Fathers' Access Rights in the U.K.

Updated July 19, 2017

A new law introduced by the British government in 2003 mandated that fathers named on a child's birth certificate have equal rights and responsibilities as mothers. These rights remain for life even if the child's parents are separated or have never been married. Fathers have a right to equal access to their child and to make decisions about their welfare. In practice, access is difficult to work out and sometimes a decision about which parent should see the child and when, is best made by the court.

Separated or divorced fathers

Fathers who are married to the mother at time of the child's birth have automatic parental responsibility and equal access rights as long as their name appears on the birth certificate. After a divorce access arrangements need to be worked out with your ex-spouse in the form of a parental responsibility agreement. This is best done directly with the mother or through a third party such as a family mediation agency. If you cannot agree on terms, you may need to go to court to obtain an access order. A solicitor or another third party can represent you or you can represent yourself. The court can also enforce any access order if the mother fails to abide by the agreement. The judge will treat you favourably if you make regular child maintenance payments.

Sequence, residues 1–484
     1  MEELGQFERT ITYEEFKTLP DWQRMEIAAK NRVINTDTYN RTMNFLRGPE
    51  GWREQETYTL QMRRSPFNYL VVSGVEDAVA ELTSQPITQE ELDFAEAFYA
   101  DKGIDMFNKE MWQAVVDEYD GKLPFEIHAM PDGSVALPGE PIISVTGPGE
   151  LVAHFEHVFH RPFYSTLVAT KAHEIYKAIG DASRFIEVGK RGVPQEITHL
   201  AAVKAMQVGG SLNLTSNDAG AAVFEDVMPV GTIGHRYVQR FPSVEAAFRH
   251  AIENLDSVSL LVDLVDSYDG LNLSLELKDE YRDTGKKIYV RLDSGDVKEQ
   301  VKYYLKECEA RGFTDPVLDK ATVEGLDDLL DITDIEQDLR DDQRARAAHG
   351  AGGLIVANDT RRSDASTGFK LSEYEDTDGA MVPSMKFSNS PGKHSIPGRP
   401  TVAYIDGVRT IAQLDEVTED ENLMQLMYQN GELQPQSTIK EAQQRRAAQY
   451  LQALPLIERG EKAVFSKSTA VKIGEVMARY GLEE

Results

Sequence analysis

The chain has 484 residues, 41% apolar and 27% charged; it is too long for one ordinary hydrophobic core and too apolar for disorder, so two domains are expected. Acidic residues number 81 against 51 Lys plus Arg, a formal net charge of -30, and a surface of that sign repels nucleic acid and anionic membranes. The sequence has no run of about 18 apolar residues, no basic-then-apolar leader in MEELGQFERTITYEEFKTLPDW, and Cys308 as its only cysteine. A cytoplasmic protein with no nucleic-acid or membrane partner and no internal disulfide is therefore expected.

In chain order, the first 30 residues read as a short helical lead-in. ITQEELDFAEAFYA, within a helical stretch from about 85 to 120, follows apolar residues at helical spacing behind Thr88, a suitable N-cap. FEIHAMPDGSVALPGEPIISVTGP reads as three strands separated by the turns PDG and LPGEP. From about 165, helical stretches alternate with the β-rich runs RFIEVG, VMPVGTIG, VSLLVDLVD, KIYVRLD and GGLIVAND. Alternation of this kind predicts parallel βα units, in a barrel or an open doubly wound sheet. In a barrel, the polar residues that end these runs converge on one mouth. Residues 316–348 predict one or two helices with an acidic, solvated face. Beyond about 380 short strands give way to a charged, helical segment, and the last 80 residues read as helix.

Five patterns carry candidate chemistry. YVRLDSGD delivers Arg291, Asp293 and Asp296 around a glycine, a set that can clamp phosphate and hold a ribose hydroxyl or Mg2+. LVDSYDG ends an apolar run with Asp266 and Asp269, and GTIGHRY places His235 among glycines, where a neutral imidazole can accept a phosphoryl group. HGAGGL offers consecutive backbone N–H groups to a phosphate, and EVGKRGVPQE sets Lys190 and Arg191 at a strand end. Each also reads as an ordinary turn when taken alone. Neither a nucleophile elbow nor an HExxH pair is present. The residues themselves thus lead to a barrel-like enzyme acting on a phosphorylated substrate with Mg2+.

Unmarried fathers with parental responsibility

Unmarried fathers only have access rights if their name is on the child's birth certificate. This can be done at birth or added at a later date. This gives fathers parental responsibility and a right to have a say in the child's upbringing even if they no longer live with the child. Decisions about day to day life are made by the parent who lives with the child but you must be consulted about big decisions such as schooling and medical treatment. You also have rights if you and your ex-spouse have signed a parental responsibility agreement and if you have a residence order made by the court.

Unmarried fathers without parental responsibility

If your name is not on the birth certificate and you don't have parental responsibility, you can still apply to court for access. You can apply to the courts for a contact order. You will need to prove that you have a meaningful relationship with the child and that contact will benefit him. The child's views will also be taken into consideration. You can also apply for a residence order to have the child live with you. The mother can apply to the court to have these orders removed .

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About the Author

U.K. journalist Jill Sainsbury began writing news for print and broadcast in 1990. Her work has featured on “BBC Online," magazines “The Journalist” and “Charlotte’s Mag,” and the “Hull Free Press." She has a Bachelor of Arts in geography from the University of Hull and a post graduate diploma in broadcast journalism from Falmouth School of Arts.